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Gravity Driven Collapse Systems on Passive Margins: A Field Study in Seismic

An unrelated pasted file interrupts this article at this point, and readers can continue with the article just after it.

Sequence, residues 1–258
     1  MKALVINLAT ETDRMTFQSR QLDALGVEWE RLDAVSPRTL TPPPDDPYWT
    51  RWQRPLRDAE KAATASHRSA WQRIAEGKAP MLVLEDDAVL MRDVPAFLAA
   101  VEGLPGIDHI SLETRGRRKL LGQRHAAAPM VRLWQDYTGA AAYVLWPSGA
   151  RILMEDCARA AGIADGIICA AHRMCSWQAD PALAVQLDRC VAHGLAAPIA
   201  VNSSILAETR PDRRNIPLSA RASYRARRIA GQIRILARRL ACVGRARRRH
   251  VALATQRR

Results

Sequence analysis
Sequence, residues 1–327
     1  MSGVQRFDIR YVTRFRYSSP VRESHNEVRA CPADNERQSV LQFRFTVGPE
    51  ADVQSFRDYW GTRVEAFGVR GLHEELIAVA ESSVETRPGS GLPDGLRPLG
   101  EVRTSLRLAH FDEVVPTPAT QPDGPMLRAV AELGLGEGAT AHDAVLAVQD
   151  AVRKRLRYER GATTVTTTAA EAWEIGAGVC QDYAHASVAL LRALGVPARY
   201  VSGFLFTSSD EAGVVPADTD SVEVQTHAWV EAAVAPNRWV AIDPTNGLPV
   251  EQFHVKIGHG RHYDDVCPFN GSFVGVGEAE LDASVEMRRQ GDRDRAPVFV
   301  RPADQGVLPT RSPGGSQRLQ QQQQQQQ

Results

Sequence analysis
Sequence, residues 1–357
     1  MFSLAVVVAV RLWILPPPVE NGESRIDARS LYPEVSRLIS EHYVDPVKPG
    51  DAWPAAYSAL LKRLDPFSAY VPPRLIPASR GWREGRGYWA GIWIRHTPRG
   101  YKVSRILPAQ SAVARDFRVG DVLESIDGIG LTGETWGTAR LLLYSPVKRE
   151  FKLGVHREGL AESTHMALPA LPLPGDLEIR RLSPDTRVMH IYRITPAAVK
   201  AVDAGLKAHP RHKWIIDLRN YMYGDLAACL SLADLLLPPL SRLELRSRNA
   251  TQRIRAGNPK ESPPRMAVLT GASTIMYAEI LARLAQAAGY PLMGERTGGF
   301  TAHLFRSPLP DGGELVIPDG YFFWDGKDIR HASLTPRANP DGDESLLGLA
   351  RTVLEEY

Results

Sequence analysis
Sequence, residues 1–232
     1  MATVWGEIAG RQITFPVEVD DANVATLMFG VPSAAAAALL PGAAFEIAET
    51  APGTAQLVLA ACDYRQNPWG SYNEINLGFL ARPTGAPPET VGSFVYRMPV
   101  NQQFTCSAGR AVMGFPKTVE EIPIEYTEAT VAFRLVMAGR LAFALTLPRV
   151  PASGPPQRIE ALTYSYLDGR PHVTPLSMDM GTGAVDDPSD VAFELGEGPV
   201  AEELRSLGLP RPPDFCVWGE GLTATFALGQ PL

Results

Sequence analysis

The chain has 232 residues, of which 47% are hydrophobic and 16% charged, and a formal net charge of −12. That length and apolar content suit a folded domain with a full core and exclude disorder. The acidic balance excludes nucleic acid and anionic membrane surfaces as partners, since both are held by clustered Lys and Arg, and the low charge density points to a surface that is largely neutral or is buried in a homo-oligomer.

Gravity driven collapse systems occur on most of the world's passive continental margins and are becoming an increasingly attractive target for hydrocarbon exploration. Existing models that assume a balanced up-dip extension coupled to a down-dip toe thrust system have recently been called into question because of a growing consensus that there is commonly a mis-balance with an excess of extensional strain. Previous studies have focussed on seismic or experimental data partially due to the lack of onshore field examples on which sub-seismic features can be observed; this has left a gap in our understanding of their temporal and spatial evolution. In this study we consider field examples of a shale detachment gravity driven systems in Northern Spain, in which we observed multiple smaller scale compressive features. These structures are contained within the extensional portion of the collapse system imply considerable internal compaction prior to the formation of a down dip compressional domain. We use these field observations to re-interpret seismic examples of multiple shale driven collapses in the Orange Basin, offshore Namibia and South Africa. These seismic examples show considerable variations in style and complexity including; multiple detachment horizons lines containing only extensional features and numerous reactivations. We undertake multiple restorations of both field and seismic examples to estimate the effect of smaller scale deformation on measurements of extension versus compression. Our results suggest that this sub-seismic scale strain can account for up to 10% of previously unrecognized compression. By applying our observations from the field to seismic examples we are able to interpret structures close to seismic resolution and make predictions about the likely effects of sub-seismic features on reservoir prospectivity, hazard prediction, permeability and porosity